The phantom juror

Just a few weeks ago I got an official jury summons in the mail. Jury duty for the first time! Finally!

The notice mandated at least five days of availability and it listed a phone number to call after 4:30 pm. Each day when I called a female voice-recording told me no jury trials the next day, so no need to show up at the courthouse. I knew by Thursday afternoon that jury duty for the week was none and done.

Talk about anticlimactic. 

Were my expectations too high? Maybe I’d watched too many movies with 12-man heroes (12 Angry Men) or 12-man villains (To Kill A Mockingbird). I wanted courtroom drama. A recorded voice told me to stay home instead.

Not that Hollywood taught me civics. Medieval England has taught me the origins of the jury trial as institution. 

The English barons were fed up with King John. They rebelled and in 1215 forced him to sign the Magna Carta. They gave the tyrant an offer he couldn’t refuse, a royal charter that mandated the rule of law instead of rule by royal fiat.

King John’s governing methods were more personal than procedural. He arbitrarily imprisoned or attacked subjects. He routinely disseised them – wrongfully dispossessed their freehold interests.

To stop the king from terrorizing and incarcerating them, the barons made sure to guarantee their right of trial by peer. Hence Chapter 39: “No freeman shall be taken or imprisoned or disseised or exiled or in any way destroyed, nor will we go upon him nor send upon him, except by the lawful judgment of his peers or by the law of the land.”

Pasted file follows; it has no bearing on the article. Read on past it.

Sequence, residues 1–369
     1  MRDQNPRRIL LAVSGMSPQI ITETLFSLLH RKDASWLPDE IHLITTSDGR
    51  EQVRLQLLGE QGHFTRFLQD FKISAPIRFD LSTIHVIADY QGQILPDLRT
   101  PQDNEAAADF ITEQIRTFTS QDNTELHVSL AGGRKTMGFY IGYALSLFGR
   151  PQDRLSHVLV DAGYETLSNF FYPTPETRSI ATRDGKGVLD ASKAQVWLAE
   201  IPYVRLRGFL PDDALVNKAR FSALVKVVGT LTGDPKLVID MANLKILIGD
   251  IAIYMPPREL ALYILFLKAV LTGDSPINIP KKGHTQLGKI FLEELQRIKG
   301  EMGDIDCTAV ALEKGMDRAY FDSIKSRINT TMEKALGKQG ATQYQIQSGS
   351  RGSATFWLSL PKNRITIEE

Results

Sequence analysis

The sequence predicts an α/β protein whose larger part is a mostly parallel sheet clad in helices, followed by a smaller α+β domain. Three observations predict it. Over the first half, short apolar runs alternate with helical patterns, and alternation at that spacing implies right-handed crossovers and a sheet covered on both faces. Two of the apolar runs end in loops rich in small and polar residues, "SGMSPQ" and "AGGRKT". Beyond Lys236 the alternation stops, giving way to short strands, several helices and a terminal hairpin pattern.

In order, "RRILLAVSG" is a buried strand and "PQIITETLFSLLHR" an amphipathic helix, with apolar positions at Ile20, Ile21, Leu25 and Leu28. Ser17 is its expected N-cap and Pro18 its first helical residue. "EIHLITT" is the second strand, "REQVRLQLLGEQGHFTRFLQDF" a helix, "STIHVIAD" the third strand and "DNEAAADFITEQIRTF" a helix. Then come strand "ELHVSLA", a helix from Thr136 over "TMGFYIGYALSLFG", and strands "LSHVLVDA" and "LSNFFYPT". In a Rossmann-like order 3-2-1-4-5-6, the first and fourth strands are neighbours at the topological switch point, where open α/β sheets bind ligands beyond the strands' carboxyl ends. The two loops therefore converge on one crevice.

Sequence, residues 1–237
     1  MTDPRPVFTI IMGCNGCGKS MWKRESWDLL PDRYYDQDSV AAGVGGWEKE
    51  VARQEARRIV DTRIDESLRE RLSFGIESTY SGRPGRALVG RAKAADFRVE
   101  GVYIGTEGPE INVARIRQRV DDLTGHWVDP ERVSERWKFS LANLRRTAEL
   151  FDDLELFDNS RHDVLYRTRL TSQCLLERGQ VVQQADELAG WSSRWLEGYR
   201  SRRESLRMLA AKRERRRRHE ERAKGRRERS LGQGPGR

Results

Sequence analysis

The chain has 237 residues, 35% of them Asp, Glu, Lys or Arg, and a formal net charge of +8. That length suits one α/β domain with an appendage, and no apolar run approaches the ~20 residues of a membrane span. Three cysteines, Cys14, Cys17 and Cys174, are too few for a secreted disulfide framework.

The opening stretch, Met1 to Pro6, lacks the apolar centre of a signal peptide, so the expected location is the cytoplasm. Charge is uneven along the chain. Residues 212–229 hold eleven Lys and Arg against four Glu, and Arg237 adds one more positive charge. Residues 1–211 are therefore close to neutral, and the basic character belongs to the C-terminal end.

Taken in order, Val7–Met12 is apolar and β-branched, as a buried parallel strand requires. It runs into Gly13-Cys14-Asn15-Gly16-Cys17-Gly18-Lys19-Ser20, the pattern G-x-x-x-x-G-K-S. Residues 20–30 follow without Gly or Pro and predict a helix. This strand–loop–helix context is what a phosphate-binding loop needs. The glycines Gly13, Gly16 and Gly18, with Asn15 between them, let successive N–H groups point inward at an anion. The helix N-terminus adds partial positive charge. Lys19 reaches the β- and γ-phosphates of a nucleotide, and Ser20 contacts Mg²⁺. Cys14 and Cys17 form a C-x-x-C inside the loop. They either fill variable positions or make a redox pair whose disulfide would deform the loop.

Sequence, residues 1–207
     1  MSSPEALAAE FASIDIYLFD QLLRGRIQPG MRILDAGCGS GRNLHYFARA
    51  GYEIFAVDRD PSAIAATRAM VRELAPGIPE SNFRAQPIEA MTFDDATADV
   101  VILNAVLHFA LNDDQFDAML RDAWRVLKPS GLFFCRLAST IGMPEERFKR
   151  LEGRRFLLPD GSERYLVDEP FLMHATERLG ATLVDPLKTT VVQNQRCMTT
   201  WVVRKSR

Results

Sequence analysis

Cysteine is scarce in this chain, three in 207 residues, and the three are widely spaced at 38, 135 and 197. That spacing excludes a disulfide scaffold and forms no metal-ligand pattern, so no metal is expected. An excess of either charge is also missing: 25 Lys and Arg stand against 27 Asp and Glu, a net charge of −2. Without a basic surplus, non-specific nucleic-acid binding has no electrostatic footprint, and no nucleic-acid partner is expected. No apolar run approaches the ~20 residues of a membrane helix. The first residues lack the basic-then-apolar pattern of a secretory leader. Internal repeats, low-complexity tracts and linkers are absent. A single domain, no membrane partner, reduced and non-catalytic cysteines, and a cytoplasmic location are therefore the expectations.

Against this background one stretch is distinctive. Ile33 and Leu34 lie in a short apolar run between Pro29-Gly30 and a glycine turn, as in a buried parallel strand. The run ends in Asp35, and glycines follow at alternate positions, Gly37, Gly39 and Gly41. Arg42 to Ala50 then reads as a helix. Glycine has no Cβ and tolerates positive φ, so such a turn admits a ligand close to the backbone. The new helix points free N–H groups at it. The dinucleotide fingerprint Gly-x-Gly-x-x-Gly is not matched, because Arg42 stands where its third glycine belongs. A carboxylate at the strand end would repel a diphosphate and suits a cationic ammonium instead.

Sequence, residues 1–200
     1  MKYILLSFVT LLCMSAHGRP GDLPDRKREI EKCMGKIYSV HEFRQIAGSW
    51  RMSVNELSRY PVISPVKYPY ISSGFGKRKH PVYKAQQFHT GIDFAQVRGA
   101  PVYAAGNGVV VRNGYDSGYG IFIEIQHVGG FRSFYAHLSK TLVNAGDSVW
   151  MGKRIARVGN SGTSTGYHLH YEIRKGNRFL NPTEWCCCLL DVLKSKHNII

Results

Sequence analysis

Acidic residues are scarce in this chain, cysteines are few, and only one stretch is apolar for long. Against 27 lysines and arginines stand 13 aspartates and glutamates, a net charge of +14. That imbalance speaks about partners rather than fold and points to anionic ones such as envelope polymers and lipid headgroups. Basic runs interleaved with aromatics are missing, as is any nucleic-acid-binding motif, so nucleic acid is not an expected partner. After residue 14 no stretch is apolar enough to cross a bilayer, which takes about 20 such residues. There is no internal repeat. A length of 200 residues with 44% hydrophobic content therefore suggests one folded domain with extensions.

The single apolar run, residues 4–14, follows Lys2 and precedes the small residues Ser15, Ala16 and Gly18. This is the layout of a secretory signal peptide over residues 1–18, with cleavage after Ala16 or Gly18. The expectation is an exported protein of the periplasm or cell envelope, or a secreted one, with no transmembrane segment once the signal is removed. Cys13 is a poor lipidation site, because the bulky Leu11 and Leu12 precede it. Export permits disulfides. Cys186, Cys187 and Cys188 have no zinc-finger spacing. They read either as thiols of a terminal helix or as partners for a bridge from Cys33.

Our own constitutional right to trial by jury when accused of crime is denoted by Art. III Sec. 2 or the Sixth Amend. The Magna Carta grounds it.

So does the Declaration of Independence. Eighteenth-century American colonials were oppressed by judges who served King George III. The Declaration of Independence thus complains against George III “for depriving us, in many Cases, of the Benefits of Trial by Jury.”

See also Alexander Hamilton. The Federalist No. 83 assures American citizens that the constitutional right to jury trial checks judicial power. But with the caveat that the right is absolute only in criminal cases. Hamilton explains why:

Arbitrary impeachments, arbitrary methods of prosecuting pretended offences, and arbitrary punishments upon arbitrary convictions, have ever appeared to me the great engines of judicial despotism; and all these have relation to criminal proceedings.

Justice Antonin Scalia’s majority opinion in Blakely v Washington (2004) presents an “originalist” frame for jury trial. The landmark case held that the Sixth Amendment right to trial by jury prohibits judges from enhancing criminal sentences beyond the facts as determined by jury or as agreed to by defendant.

Scalia argues that trial by jury is a basic tenet of the criminal justice system. Every accusation against a defendant should be confirmed by the “unanimous suffrage of twelve of his equals and neighbors.” Jury trial is “no mere procedural formality, but a fundamental reservation of power in our constitutional structure.”

Trial by jury is a democratic imperative, not legal technicality. But the sovereign people must command the judicial process. Only when the people take jury trial seriously is it as Hamilton described it – the “palladium of free government.” Perhaps he had in mind the grand jurors that in 1765 refused to indict Stamp Act rioters who had destroyed imperial tax stamps. Or the jurors that in 1735 refused to convict John Peter Zenger for seditious libel even though his press had published newspapers criticizing the royal governor of New York.

Today jurors in the Bronx more often refuse to convict defendants than do jurors in New York’s other boroughs, especially in drug cases. Bronx juries thus fight against the drug war and mass incarceration.

Circling back to my own phantom-juror experience a few weeks ago, insofar as it is typical, shame on the city of Cleveland.

Image: Free image, Pixabay license, no attribution required.

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